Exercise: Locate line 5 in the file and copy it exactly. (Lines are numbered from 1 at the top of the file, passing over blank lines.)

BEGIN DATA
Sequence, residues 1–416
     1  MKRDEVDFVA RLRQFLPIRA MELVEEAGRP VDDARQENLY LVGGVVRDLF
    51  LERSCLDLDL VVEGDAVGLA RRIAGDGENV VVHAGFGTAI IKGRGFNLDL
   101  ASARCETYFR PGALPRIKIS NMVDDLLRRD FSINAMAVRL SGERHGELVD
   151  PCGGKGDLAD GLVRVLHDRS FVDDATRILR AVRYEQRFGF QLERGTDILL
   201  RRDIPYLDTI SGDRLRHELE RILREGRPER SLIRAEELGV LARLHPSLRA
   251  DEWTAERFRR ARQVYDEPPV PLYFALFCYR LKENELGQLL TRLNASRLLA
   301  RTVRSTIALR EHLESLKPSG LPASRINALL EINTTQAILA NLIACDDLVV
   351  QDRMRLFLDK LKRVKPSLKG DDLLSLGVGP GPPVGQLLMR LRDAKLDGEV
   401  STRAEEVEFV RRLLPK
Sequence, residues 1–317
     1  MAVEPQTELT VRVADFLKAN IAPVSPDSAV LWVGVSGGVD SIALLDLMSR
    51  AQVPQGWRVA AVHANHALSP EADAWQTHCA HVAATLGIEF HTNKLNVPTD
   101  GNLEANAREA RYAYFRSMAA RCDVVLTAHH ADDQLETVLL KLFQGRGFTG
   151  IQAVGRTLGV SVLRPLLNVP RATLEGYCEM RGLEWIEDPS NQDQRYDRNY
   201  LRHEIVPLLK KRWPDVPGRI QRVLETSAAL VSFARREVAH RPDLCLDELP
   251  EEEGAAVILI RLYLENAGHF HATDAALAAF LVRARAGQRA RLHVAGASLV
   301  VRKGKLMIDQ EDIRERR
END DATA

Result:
   151  PCGGKGDLAD GLVRVLHDRS FVDDATRILR AVRYEQRFGF QLERGTDILL